The Untruth Effect

Falsity is essential to lying.

The effect in thirty seconds

We react negatively to liars and their lies. But what is it to lie? The standard view goes all the way back to Augustine in the 4th century, when he wrote, “He may say a true thing and yet lie, if he thinks it to be false and utters it for true.” On this view, lying is a purely psychological act, and saying something objectively false is inessential to it. My lab discovered powerful evidence against this view. If someone makes a dishonest assertion that turns out to be true, then people reliably judge that he did not actually lie. Instead, he only thinks he lied. This supports the conclusion that lying is not a purely psychological act: objective falsity, or untruth, is essential to lying.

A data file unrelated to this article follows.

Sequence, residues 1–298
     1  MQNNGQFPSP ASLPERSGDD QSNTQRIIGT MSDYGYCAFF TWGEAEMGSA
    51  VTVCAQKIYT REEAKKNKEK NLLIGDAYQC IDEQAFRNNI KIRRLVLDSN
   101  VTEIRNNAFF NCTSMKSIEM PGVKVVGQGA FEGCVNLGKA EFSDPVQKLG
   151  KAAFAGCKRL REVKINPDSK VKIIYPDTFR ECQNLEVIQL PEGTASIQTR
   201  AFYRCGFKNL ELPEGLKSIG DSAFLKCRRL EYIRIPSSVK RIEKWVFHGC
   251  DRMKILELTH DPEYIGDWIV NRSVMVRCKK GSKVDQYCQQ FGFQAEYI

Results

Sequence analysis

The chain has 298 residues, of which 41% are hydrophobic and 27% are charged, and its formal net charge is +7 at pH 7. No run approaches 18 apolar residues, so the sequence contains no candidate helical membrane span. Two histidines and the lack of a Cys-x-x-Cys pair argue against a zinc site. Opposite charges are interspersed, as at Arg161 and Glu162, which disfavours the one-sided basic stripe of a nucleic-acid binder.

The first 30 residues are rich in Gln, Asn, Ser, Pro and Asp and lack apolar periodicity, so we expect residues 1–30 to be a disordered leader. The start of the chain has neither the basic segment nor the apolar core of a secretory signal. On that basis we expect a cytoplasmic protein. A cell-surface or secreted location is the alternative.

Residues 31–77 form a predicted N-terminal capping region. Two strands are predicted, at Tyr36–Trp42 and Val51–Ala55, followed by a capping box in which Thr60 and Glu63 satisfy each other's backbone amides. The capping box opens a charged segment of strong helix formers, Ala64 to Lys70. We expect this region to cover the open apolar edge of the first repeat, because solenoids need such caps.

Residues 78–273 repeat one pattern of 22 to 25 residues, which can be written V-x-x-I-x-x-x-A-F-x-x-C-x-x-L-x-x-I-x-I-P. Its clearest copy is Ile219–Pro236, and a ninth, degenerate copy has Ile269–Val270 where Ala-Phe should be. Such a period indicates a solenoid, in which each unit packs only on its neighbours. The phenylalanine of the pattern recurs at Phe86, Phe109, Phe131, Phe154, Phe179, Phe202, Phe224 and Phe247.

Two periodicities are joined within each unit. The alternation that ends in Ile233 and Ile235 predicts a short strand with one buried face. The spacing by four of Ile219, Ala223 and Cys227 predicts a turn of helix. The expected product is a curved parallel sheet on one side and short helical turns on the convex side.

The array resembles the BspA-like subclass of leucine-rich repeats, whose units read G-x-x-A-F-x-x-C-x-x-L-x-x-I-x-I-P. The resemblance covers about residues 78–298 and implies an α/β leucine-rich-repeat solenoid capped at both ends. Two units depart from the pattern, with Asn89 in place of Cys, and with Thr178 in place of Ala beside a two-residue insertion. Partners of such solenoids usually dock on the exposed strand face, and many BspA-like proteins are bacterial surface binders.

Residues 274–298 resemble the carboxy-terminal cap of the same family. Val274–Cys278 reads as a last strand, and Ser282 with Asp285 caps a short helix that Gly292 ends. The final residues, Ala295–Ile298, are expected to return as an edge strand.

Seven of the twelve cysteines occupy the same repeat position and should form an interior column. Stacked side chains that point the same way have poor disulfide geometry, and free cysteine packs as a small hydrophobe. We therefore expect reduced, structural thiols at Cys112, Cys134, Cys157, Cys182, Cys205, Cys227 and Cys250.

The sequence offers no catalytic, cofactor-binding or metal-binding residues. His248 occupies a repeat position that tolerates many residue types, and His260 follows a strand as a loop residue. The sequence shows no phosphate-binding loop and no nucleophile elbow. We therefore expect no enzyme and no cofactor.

Relevant publications

The Truth About Lying
Lying, Uptake, Assertion, and Intent
Lying, Fast and Slow
Objective falsity is essential to lying

More findings

The Bi-Location Effect

Excuse Validation

The Source-Content Bias